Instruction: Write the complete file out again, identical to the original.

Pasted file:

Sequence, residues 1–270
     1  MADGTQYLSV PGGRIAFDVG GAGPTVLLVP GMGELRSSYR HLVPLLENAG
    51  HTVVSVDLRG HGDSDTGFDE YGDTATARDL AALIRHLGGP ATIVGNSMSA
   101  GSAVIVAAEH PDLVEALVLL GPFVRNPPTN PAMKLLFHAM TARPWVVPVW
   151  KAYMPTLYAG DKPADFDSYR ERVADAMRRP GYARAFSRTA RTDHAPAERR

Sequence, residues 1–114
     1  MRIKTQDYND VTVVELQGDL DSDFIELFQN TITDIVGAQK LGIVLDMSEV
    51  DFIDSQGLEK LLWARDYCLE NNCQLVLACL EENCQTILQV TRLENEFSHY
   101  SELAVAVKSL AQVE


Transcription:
Sequence, residues 1–270
     1  MADGTQYLSV PGGRIAFDVG GAGPTVLLVP GMGELRSSYR HLVPLLENAG
    51  HTVVSVDLRG HGDSDTGFDE YGDTATARDL AALIRHLGGP ATIVGNSMSA
   101  GSAVIVAAEH PDLVEALVLL GPFVRNPPTN PAMKLLFHAM TARPWVVPVW
   151  KAYMPTLYAG DKPADFDSYR ERVADAMRRP GYARAFSRTA RTDHAPAERR

Sequence, residues 1–114
     1  MRIKTQDYND VTVVELQGDL DSDFIELFQN TITDIVGAQK LGIVLDMSEV
    51  DFIDSQGLEK LLWARDYCLE NNCQLVLACL EENCQTILQV TRLENEFSHY
   101  SELAVAVKSL AQVE